Friday, November 20, 2015


A sample of content originally written as guest content for Smarthouse Creative.
(see the original three part series here)


Most filmmakers fantasize about seeing their film on the big silver screen in their hometown. If you're smart, that's something you can accomplish on your own. We rented out a theater at AMC Pacific Place for our backers, cast and crew, but we didn't make a dime off that screening. We spent a lot, but didn't get anything back. So how do you get it to a screen near you? The answer: you may not.
You may never see your film distributed in your home country. We accepted that after many tears and bottles of whiskey. Sometimes, you simply can't sell what you have made in that market.
The truth for all films is that foreign distribution is where they can ultimately make the bulk of their money back. We're talking studio films, so let's get back to indie film. Every territory is broken down by region and sometimes territory.
Run. Hide. Die.
Run. Hide. Die.
The UK is its own territory. Germany is its own territory. Taiwan is its own, Japan is its own, Brazil is its own. But then there is the "whole of South America" which doesn't include Mexico. Confused yet? These are all potential places you can sell your film, and I bet that wasn't something that even crossed your mind yet if you're in the market. Each market has a different buyer and a different set of rules. Germany for example must have a dubbing, but France, Japan and South America can use subtitles.
Horror film, which again, is a very specific type of product, is super popular in European markets. And the more abstract your film is, the better. The first territories we secured were the UK and Germany. But as I mentioned just moments ago, we had to have it dubbed into German. Which means an additional cost that was taken out of our initial return. The distribution company paid for it, leaving our payment to be much less than initially estimated. Then, if Germany likes it, they can renew the contract and maybe next time around we will actually see something out of it.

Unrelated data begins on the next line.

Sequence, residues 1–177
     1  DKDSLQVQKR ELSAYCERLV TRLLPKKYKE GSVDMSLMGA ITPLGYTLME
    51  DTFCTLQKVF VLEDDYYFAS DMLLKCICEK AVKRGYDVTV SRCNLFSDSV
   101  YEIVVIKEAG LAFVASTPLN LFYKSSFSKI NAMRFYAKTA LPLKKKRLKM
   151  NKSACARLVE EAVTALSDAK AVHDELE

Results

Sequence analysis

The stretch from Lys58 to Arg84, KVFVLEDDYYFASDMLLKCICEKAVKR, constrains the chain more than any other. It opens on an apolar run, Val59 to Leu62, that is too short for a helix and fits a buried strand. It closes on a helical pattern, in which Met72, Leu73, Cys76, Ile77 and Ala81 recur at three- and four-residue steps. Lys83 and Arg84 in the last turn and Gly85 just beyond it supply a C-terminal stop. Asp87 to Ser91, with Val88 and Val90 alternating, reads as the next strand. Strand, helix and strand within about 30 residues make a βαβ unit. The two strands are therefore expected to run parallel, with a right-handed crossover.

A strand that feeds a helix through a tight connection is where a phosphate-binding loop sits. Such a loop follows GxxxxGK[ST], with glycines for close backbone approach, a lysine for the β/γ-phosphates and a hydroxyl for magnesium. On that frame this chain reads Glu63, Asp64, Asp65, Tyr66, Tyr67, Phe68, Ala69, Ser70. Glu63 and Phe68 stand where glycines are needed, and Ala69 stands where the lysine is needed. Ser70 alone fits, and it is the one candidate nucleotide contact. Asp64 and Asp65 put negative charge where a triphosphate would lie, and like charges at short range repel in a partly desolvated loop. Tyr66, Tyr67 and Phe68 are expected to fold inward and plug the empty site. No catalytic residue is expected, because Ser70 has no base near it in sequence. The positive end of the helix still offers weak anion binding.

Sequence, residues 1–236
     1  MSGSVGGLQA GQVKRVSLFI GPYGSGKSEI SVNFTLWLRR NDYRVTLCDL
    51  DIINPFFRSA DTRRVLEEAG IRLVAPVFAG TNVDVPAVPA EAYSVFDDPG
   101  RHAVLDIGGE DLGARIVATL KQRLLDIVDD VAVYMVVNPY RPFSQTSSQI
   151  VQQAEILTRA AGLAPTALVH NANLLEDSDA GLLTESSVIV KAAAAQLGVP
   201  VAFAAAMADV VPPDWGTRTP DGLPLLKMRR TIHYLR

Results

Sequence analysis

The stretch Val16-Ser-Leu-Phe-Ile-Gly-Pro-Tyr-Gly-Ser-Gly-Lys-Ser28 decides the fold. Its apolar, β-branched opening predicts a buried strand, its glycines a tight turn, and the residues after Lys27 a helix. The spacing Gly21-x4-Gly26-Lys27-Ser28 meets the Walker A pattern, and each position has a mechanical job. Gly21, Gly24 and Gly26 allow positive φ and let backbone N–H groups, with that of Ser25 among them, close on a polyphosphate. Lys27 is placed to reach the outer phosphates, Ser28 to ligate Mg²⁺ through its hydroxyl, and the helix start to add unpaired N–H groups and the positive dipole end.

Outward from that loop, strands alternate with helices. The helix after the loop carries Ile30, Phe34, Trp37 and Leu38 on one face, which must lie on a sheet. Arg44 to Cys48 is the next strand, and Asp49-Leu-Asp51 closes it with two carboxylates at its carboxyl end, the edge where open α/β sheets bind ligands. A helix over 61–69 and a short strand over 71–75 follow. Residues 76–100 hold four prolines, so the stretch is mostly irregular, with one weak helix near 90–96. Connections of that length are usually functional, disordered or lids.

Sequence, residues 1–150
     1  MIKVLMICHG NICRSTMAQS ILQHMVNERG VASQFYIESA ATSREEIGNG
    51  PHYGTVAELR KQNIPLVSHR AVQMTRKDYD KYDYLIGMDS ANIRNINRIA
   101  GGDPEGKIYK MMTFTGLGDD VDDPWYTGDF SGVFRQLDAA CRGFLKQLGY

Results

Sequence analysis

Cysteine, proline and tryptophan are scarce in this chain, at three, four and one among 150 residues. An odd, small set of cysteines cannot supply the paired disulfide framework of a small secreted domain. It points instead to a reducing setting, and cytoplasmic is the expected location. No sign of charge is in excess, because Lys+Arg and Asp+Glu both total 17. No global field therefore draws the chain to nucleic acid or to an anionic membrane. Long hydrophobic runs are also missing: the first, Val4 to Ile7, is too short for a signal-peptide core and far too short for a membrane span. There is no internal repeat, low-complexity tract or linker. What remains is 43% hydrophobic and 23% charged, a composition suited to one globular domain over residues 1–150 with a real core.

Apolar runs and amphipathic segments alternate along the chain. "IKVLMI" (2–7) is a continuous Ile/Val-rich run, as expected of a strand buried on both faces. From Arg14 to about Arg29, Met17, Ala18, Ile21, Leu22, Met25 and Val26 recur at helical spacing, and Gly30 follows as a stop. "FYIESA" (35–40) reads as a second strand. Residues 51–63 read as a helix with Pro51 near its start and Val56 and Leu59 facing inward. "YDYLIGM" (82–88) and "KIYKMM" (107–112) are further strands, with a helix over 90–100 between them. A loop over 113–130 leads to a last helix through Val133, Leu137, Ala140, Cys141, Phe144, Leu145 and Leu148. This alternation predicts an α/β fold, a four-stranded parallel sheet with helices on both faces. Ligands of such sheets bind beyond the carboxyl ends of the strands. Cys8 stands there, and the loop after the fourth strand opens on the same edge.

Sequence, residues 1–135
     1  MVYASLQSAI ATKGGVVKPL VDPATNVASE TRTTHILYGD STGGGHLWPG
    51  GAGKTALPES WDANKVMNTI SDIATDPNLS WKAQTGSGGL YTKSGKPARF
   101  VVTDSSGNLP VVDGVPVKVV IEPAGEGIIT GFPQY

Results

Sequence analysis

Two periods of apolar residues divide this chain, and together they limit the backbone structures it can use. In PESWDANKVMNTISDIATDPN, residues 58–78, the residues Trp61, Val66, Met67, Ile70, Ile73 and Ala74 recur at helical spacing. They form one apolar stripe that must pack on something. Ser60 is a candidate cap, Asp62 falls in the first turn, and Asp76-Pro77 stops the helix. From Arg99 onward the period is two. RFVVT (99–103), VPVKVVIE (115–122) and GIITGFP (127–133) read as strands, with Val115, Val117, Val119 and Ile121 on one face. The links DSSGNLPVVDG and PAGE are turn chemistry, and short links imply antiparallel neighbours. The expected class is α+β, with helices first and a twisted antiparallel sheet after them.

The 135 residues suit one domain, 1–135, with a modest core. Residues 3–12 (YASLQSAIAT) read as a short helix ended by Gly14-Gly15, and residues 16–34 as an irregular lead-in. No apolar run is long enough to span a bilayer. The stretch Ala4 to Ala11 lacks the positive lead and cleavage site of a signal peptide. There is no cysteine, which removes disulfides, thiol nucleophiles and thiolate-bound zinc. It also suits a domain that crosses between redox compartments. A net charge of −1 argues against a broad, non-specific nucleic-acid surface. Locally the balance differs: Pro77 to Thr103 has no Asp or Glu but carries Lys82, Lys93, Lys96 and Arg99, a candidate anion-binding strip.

Your foreign territory is every it as important as your domestic audience. Neglecting them means neglecting any potential your film can achieve. It may not be millions, it may be only thousands, or hundreds, at a time. But the next time you go to pitch yourself as a filmmaker, how much more seriously do you think people will take you when you can say you have a feature film in distribution? The answer is very.
Two critical tips for preparing your film for foreign distribution:
1. Have the music and effect tracks (also known as M&E tracks) separated from dialogue. It is incredibly difficult to dub a film in German if the music track is attached to the English dialogue.
2. Have a script that is verbatim what you cut into the film. If you reworked a scene so the word order is flipped, the script must reflect. This is all to ensure that the dubbing and subtitle team are translating exactly what happens on screen.

Wednesday, November 18, 2015


A sample of content originally written as guest content for Smarthouse Creative.

(see the original three part series here)


It's a well-known fact that actors of a certain caliber have agents. Writers have agents. Directors, and even producers often have agents. But a movie? That's just weird, right? Wrong. We knew so very little when we went to our first AFM in 2013. We were barely out of post-production and had just screened at our first festival. We decided that rather than spend thousands of dollars on the gamble that festivals can be, we'd skip that step and move directly past go to collect our $200. Boy, were we in for a hard lesson.